data release

Anita Cholewa anita at MOZART.CBS.UMN.EDU
Wed Dec 4 09:56:50 CST 1996

The recent comments regarding dissemination of data, particularly
with respect to rare plants, touches on an issue with which I have
been grappling for a long time.  It is true that there are some
people who have no scrupples and are the type who prefer that they
have something rare/unusual and not others.  However, how do we
decide who is such a person?  I'm hearing in this discussion and
in past discussions with others, that anyone who is not a "researcher"
should not get the details.  Others have said that gardeners should
not get the info.  This kind of categorization smacks of elitism
and says that everyone (except researchers) is guilty unless proven
otherwise.  I know a lot of gardener types who are extremely
ethical and thus are unfairly painted by such attitudes.  On the
other hand I know some researchers who are not ethical at all and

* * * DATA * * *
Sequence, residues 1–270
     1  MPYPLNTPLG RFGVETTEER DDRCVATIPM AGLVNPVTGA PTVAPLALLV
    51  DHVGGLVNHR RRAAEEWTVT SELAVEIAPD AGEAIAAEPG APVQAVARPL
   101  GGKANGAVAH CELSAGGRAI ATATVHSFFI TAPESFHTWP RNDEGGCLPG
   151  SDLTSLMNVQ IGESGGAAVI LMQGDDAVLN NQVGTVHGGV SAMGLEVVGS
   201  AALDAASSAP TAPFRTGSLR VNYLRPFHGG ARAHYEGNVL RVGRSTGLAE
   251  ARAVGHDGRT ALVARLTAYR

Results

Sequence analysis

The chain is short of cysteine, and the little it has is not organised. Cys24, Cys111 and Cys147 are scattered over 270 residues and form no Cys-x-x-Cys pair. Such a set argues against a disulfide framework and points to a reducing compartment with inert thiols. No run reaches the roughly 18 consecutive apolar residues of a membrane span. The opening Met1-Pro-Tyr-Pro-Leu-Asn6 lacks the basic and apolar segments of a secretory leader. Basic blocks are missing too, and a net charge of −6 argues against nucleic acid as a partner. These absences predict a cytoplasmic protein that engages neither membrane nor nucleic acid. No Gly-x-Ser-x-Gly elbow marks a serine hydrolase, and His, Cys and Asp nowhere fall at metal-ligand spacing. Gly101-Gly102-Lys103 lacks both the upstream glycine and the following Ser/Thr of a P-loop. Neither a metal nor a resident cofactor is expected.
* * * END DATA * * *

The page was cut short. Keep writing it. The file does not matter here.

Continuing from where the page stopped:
yet would be assumed (under this line of thinking) to be of good
botanical morals.  A related issue with such thinking is who is
to decide who should be given access to the data.  Are the curators
of collections the decision makeres?  Government agency personnel?
Heritage Program people?  I know of one instance where a researcher
was denied collecting permits because the permit granting agency
didn't think the researcher had a good enough reason for wanting
the permit.  Also there's the issue of the Freedom of Information
Act--if pressed the data would have to be given out.  We live in a
free society (at least for now) but that means that the bad comes
with the good; we can't make people do the right thing.  Bottom line
is this problem is not an easy one to solve.
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